Of course it works. Following Microsoft 's announcements for the upcoming operating system Windows 11, I thought to check if my computer has TPM, and if so, in which version.
The ways you can control your PC have been published by Dimitris here..
I followed the instructions in the partition with Windows. I have installed Windows Server 2019 Standard and I use it as a workstation, if I need a Windows environment. I find it safer and more stable than Windows 10.
During the test I noticed that the TPM module was not activated. Restart on Windows, F10, enter the BIOS and enable it (it was on the Security tab).
After logging in to Windows I had the following results:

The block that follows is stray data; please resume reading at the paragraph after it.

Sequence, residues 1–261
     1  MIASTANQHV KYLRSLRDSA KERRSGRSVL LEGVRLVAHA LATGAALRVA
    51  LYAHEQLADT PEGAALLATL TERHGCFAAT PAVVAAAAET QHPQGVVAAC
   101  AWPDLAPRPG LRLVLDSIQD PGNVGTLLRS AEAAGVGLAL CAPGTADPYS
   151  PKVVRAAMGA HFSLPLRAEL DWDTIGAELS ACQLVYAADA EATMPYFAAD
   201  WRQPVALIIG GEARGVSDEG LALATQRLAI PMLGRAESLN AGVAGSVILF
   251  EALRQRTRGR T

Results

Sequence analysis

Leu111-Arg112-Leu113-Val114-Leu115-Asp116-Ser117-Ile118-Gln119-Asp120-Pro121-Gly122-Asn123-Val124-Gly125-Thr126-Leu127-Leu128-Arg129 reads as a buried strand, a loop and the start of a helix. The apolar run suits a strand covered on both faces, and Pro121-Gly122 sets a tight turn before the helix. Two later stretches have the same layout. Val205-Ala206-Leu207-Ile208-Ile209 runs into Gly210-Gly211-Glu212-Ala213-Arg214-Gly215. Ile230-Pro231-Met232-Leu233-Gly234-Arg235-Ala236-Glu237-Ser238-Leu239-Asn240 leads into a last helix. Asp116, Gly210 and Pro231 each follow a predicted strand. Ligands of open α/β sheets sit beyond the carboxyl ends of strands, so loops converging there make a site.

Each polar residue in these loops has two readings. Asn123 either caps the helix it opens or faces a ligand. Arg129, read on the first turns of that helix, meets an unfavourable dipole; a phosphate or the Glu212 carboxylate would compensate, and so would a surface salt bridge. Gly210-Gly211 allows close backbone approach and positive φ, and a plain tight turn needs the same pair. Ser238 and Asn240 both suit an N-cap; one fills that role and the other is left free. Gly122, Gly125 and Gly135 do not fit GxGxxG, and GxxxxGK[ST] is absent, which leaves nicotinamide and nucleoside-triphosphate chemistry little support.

Let's see now what happens to Linux.
Activating the TPM module will not cause you any problems, especially if the kernel you are using is a new version. I am currently running Debian 11 Bullseye on a daily basis (yes it may still be under development and is being released as a trial version but it is more stable than the stable Windows).
As you will see in the screenshot below, Debian sees the TPM module, (chip type, version) but there is a bug in the firmware.
I can live without it.